Greetings! We are eager to extend a warm welcome as you arrive in Portsmouth for the Symposium on Appalachian Studies in the Digital Age, scheduled for October 31st through November 2nd, 2019. We have an exciting program planned around the theme “(Re)covering Appalachia.” 

Many communities in the region are in a phase of recovery; with the decline of manufacturing and coal production, the ongoing opioid addiction crisis, with the political fallout from the 2016 election and the continued proliferation of flawed, negative media images and narratives, we are attempting to reposition ourselves for positive adaptation and renewal. We are asking how do we recover from the shock of economic dislocation, environmental damage, families and communities challenged by substance abuse and inadequate health care, as well as journalistic narratives that reductively characterize our communities as “devastated” and “hopeless”?

What sorts of data, voices, technologies, media platforms, software applications, preservation projects, public health initiatives, and creative works can help us recover the discarded, overlooked, and unappreciated stories of struggle and triumph in our region? How do we recover what has been ignored by others but never really lost? In this digital age, how do we recover and reclaim the music and art and revisit the photographs and narratives of Appalachia? How do we practice recovery in our families, schools, universities, sports, businesses, religious and civic organizations?  What does recovery look like?

Elizabeth Catte, author of What You Are Getting Wrong About Appalachia, will deliver our keynote address, and we have planned three public plenary sessions that examine the current state of economic development and recovery in Appalachia Ohio, the War on Poverty today, and common Appalachian myths and stereotypes that need busting. Additionally, we have planned three days of live performances, paper presentations, round-table discussions, workshops, and a documentary double-feature.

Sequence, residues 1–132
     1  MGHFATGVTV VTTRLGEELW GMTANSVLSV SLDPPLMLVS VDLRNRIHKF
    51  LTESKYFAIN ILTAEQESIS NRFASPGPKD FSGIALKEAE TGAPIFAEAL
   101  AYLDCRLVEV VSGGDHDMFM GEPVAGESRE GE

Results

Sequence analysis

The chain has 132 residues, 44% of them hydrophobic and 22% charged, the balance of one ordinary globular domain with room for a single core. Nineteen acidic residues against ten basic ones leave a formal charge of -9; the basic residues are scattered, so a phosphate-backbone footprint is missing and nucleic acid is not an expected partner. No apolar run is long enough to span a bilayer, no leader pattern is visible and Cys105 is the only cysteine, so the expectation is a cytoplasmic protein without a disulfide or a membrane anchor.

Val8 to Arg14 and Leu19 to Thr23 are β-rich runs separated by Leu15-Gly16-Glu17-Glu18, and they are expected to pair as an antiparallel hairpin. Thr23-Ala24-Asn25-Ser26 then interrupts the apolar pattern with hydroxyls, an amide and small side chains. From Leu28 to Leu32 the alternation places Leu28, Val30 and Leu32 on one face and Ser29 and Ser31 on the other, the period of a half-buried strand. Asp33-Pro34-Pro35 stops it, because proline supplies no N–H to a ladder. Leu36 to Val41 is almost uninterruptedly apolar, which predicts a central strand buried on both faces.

We look forward to our second biennial symposium and are so glad you are joining us for a three-day exploration of Appalachian Studies in the Digital Age.

While you are in Portsmouth and attending sessions remember to post your photographs to Instagram and Facebook using the hashtags: #RecoveringAppalachia #DigitalAppalachia #PortsmouthOhio #ASDA2019

Once again, welcome to Portsmouth, Ohio, and Shawnee State University.

See you soon!

Andrew Lee Feight, Symposium Director

Janet Feight, Program Coordinator

Thomas Bunting, Registration and Local Arrangements

Sponsors & Acknowledgements

The symposium is sponsored by the Digital Appalachian Studies Program at Shawnee State University and is made possible in part through grants from the Community Action Organization of Scioto County, the Portsmouth City Health Department, the Friends of Portsmouth, the Scioto Foundation, and the Steven A. Hunter Appalachian Legacy Project of the Shawnee State University Development Foundation. Funding for our keynote speaker was made available through the Jane M.G. Foster Distinguished Lecture Series. Additional support was provided by Becky Thiel, Vice-President and Provost for Academic Affairs; Roberta Milliken, Dean of the College of Arts and Sciences; Janet Stewart, Dean of Library Services at Shawnee State University; Patties & Pints, the Port City Cafe & Pub.